The Platinotype, 1883, Pizzighelli and von Hübl
William Willis jnr invented platinum/palladium printing, but he kept the details secret so he could commercialise the process. However, such was the demand that others sought to reverse-engineer his invention.
In 1883, Josef Pizzighelli and Arthur Baron von Hübl, both Captains in the Austrian army, published Die Platinotypie which explained the full process in great detail. This was quickly translated into English and republished by the Photographic Society of Great Britain (later to become the Royal Photographic Society). Platinotypes could now be made by any moderately skilled photographer, without being constrained by the range of the Platinotype Company’s products.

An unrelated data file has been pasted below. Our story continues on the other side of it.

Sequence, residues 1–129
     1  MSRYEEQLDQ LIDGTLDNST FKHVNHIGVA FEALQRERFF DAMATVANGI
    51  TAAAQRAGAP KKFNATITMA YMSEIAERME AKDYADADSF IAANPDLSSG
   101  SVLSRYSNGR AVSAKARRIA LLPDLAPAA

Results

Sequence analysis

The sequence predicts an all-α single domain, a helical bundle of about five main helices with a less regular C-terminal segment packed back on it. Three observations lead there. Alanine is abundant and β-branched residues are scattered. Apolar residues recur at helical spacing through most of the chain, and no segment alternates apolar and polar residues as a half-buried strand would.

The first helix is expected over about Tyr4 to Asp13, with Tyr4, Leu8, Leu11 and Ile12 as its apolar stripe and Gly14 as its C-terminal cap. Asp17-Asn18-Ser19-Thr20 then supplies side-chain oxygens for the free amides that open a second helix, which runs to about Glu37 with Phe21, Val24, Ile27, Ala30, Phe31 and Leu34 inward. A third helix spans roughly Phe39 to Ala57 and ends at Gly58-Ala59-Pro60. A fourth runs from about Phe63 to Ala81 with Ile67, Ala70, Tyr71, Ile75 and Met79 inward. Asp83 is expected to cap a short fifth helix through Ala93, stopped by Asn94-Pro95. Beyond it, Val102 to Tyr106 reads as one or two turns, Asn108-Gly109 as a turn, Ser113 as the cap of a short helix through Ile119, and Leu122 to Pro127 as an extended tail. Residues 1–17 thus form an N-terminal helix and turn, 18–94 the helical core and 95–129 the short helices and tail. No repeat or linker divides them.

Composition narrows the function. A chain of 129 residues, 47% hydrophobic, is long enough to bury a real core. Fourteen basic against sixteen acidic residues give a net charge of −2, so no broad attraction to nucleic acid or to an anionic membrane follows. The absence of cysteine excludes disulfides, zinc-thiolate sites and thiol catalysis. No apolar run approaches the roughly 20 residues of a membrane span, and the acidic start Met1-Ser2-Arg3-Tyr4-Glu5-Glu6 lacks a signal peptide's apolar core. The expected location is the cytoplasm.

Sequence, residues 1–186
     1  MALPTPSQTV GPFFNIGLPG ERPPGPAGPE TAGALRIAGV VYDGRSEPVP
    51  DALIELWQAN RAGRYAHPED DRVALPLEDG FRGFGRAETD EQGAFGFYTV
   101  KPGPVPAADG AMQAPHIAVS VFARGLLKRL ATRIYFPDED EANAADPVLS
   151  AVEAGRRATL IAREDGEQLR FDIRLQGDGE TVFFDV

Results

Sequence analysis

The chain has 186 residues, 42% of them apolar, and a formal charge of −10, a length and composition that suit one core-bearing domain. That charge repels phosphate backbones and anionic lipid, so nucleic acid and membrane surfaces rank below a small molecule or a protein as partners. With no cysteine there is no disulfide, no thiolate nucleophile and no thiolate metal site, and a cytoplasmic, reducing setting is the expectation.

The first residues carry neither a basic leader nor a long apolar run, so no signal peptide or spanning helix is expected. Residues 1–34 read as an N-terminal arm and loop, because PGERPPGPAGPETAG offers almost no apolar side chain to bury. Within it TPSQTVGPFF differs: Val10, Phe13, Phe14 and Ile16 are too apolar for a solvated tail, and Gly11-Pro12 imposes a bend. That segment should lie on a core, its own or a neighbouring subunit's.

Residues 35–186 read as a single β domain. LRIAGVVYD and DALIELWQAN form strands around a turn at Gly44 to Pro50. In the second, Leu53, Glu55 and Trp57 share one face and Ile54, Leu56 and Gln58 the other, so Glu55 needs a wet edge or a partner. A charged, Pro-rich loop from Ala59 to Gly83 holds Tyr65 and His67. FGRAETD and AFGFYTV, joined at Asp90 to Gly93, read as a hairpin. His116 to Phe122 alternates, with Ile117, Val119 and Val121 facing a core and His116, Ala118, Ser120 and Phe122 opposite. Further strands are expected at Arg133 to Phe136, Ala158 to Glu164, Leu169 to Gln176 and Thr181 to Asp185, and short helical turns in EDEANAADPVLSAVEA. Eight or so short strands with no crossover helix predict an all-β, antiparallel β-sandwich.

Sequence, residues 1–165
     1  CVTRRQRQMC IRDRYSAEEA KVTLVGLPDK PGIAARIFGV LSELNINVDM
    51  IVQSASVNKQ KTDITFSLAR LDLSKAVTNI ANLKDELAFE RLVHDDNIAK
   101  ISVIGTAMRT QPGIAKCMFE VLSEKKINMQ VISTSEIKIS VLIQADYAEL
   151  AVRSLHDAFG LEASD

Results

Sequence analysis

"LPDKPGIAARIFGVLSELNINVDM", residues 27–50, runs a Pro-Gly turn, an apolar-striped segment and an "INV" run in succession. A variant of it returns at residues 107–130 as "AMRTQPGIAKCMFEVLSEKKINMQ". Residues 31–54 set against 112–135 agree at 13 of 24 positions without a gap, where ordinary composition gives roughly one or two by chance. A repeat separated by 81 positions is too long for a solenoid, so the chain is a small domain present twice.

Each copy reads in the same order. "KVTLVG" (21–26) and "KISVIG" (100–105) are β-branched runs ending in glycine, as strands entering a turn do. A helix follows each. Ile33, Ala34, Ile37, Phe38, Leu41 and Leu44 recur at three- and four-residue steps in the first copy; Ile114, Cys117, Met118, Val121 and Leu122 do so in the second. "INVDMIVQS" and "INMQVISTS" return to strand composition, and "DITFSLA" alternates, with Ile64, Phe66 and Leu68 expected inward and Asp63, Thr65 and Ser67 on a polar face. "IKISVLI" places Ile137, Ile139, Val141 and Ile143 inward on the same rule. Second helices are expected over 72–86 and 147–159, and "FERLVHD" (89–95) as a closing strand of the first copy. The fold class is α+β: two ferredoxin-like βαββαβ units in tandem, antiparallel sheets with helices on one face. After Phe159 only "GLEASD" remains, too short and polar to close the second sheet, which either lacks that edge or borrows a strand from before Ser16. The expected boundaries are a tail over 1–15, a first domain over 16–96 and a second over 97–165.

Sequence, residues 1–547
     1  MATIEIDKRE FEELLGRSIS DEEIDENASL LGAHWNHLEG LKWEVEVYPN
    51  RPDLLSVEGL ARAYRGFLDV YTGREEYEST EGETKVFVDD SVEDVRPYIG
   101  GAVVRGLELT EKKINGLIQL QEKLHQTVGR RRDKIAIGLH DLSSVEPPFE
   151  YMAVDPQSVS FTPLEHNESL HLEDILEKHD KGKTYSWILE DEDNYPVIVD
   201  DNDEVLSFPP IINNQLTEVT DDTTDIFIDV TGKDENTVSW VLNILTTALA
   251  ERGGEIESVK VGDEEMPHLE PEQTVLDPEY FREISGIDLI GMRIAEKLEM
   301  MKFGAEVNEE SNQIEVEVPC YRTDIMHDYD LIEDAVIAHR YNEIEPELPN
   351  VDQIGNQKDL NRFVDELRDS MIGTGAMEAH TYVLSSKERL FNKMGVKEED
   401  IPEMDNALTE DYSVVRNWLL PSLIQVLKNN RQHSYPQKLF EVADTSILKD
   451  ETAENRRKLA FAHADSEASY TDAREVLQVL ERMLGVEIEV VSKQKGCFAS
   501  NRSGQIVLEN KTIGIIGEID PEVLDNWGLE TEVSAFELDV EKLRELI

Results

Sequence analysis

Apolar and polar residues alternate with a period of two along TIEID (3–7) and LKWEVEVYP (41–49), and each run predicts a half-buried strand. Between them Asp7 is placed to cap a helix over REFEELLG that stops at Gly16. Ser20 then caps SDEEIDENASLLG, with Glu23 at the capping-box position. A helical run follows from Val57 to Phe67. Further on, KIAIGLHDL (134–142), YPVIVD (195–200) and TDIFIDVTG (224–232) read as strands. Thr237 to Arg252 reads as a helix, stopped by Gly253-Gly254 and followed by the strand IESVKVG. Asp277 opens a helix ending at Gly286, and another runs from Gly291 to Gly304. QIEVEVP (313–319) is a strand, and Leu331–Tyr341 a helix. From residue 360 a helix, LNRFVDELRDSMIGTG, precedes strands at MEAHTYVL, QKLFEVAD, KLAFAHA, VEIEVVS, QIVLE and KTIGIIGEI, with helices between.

This 65 page ebook is transcribed from that 1883 translation into English (which is well out of copyright). It offers printers, researchers and historians an insight into the state of knowledge about platinum/palladium printing at that time. It is remarkable how little the modern process differs from Pizzighelli’s.
Note: The Platinotype only covers the ‘traditional’ developing-out process. Pizzighelli had not yet developed his printing-out process when this was published, so it does not cover his printing-out process.